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Disgraced Chinese politician Bo Xilai attacks his wife and 'vile' right-hand man Wang Lijun as testimony ends in Chinese show trial

Communist party boss dismisses testimony of Wang and labels her 'crazy'

The fallen politician Bo Xilai attacked his wife and his former right-hand man in four days of evidence ending today, rejecting accusations of corruption and shielding a murderer in a trial that has offered a glimpse into the shady inner workings of China’s elite.

A court heard allegations over the weekend that Mr Bo abused his power as the Communist Party secretary of the city of Chongqing to block an investigation into his wife’s murder of a British businessman, as well as to hide his aide’s flight to a US consulate.

Mr Bo told the Jinan Intermediate People’s Court that his former right-hand man, the Chongqing police chief, Wang Lijun, “constantly lied in his testimony”. He said Mr Wang was “a person of very vile quality, who lied in court and muddied the waters.” Mr Bo acknowledged that he made mistakes in the handling of the incidents that triggered the nation’s biggest political scandal in decades and brought shame on the Communist Party, but denied criminal misconduct. The trial was adjourned until Monday, when closing arguments will take place.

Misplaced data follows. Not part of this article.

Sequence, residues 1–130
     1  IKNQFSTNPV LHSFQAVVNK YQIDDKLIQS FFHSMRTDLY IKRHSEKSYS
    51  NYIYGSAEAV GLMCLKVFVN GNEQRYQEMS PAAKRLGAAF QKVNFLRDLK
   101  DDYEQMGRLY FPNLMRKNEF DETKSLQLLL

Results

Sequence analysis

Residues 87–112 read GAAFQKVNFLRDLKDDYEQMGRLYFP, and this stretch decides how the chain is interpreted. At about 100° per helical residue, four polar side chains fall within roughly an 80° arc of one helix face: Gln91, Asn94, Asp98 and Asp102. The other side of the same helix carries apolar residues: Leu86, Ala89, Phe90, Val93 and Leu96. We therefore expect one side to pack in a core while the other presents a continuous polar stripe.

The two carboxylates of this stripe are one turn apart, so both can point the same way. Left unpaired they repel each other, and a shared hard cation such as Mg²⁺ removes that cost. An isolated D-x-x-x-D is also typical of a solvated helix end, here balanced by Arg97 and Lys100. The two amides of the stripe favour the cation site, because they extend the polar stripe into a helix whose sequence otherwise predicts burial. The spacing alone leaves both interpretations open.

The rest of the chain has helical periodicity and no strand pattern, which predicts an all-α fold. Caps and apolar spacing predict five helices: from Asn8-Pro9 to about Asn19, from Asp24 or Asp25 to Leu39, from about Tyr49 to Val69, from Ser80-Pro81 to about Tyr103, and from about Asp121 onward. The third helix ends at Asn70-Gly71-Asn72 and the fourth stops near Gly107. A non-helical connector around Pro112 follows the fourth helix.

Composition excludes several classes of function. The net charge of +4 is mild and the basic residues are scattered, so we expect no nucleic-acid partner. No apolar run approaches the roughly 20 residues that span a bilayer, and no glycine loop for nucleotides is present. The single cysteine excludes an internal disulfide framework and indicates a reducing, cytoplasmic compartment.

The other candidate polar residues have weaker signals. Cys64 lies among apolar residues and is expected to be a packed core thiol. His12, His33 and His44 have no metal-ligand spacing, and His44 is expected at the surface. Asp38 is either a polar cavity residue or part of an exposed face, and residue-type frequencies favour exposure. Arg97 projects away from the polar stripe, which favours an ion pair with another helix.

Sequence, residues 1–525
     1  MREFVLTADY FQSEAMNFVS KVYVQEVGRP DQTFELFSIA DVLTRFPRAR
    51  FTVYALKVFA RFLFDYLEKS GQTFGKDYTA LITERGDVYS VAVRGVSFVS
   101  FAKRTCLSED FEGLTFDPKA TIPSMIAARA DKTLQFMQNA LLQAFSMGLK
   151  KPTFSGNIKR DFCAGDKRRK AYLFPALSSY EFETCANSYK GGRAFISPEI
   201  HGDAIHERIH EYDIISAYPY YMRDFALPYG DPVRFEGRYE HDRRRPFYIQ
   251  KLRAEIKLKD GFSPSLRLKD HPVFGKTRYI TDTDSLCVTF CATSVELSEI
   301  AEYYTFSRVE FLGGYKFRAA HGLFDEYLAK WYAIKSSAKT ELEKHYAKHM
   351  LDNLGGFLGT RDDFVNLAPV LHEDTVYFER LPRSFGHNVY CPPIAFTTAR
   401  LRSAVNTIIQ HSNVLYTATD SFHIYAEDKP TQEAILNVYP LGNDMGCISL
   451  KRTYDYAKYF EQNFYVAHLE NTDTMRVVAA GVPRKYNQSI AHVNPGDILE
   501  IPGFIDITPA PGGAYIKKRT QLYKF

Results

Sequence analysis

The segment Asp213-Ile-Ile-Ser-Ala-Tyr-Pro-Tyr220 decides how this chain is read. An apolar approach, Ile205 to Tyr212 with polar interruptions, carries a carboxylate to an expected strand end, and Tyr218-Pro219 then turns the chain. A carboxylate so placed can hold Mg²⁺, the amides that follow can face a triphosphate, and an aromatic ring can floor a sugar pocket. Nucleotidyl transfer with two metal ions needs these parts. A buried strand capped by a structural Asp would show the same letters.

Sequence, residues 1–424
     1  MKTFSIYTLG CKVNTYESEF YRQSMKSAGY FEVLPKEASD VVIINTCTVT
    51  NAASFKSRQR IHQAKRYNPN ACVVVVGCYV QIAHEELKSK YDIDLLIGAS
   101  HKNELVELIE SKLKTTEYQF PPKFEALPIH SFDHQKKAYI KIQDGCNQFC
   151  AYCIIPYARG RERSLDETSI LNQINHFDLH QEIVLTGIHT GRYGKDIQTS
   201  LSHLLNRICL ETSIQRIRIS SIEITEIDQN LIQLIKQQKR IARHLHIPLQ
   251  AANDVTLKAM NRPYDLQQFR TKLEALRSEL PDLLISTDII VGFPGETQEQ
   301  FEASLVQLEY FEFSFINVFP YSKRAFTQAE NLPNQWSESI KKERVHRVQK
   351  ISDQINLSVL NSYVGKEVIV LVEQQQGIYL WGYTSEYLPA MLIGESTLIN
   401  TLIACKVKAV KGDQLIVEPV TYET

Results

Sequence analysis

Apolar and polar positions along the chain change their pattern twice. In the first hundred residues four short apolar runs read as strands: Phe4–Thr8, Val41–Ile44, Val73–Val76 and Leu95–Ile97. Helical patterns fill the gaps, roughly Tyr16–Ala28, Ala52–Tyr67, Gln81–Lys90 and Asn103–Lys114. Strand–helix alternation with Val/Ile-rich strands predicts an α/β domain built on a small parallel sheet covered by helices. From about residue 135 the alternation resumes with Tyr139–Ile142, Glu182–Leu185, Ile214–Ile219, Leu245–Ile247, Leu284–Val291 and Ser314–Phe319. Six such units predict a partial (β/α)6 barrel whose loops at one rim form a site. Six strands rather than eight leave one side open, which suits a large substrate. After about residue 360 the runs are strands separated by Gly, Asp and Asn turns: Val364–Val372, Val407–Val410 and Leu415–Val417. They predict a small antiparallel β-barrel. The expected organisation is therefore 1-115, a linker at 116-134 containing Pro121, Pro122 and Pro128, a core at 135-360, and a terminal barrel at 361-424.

The Communist Party is using the trial to cement  Mr Bo’s downfall and wrap up a scandal that hangs over the party’s recently installed new leadership as it tries to cement its authority and fully focus on tackling serious economic and social challenges.

Mr Bo’s downfall has also been widely perceived as the result of his defeat in party infighting ahead of China’s leadership transition last autumn. In a rare show of openness, the court has been publicising details of the trial in a bid to lend credibility to what is seen as a political show trial. Mr Bo, in return, has refrained from using the trial as a stage on which to denounce the administration and the opponents who purged him – which would be the leadership’s worst nightmare.

“So far, the worst has been avoided,” said Ding Xueliang, a Chinese politics expert at Hong Kong University of Science and Technology.